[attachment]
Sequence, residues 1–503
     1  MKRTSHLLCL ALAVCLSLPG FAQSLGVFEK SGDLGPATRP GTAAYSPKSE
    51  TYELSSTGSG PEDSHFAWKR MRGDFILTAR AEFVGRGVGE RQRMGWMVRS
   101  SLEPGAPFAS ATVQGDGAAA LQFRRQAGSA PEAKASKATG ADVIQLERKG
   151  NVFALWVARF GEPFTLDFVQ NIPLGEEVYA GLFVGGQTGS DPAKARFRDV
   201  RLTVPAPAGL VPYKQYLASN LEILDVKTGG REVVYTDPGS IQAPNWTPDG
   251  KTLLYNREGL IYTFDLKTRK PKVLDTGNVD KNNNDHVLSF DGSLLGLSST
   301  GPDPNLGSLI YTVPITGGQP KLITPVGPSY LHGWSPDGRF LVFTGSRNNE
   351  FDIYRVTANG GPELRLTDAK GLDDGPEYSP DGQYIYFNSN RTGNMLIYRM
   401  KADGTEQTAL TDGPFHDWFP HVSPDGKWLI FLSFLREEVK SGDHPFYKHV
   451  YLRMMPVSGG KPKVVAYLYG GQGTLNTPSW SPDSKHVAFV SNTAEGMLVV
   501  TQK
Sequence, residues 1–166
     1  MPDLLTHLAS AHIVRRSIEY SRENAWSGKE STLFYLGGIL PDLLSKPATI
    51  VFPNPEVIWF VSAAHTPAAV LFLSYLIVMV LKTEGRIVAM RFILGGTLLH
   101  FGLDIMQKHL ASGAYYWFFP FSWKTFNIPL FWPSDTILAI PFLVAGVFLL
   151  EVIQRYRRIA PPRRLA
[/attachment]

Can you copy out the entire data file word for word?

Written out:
Sequence, residues 1–503
     1  MKRTSHLLCL ALAVCLSLPG FAQSLGVFEK SGDLGPATRP GTAAYSPKSE
    51  TYELSSTGSG PEDSHFAWKR MRGDFILTAR AEFVGRGVGE RQRMGWMVRS
   101  SLEPGAPFAS ATVQGDGAAA LQFRRQAGSA PEAKASKATG ADVIQLERKG
   151  NVFALWVARF GEPFTLDFVQ NIPLGEEVYA GLFVGGQTGS DPAKARFRDV
   201  RLTVPAPAGL VPYKQYLASN LEILDVKTGG REVVYTDPGS IQAPNWTPDG
   251  KTLLYNREGL IYTFDLKTRK PKVLDTGNVD KNNNDHVLSF DGSLLGLSST
   301  GPDPNLGSLI YTVPITGGQP KLITPVGPSY LHGWSPDGRF LVFTGSRNNE
   351  FDIYRVTANG GPELRLTDAK GLDDGPEYSP DGQYIYFNSN RTGNMLIYRM
   401  KADGTEQTAL TDGPFHDWFP HVSPDGKWLI FLSFLREEVK SGDHPFYKHV
   451  YLRMMPVSGG KPKVVAYLYG GQGTLNTPSW SPDSKHVAFV SNTAEGMLVV
   501  TQK
Sequence, residues 1–166
     1  MPDLLTHLAS AHIVRRSIEY SRENAWSGKE STLFYLGGIL PDLLSKPATI
    51  VFPNPEVIWF VSAAHTPAAV LFLSYLIVMV LKTEGRIVAM RFILGGTLLH
   101  FGLDIMQKHL ASGAYYWFFP FSWKTFNIPL FWPSDTILAI PFLVAGVFLL
   151  EVIQRYRRIA PPRRLA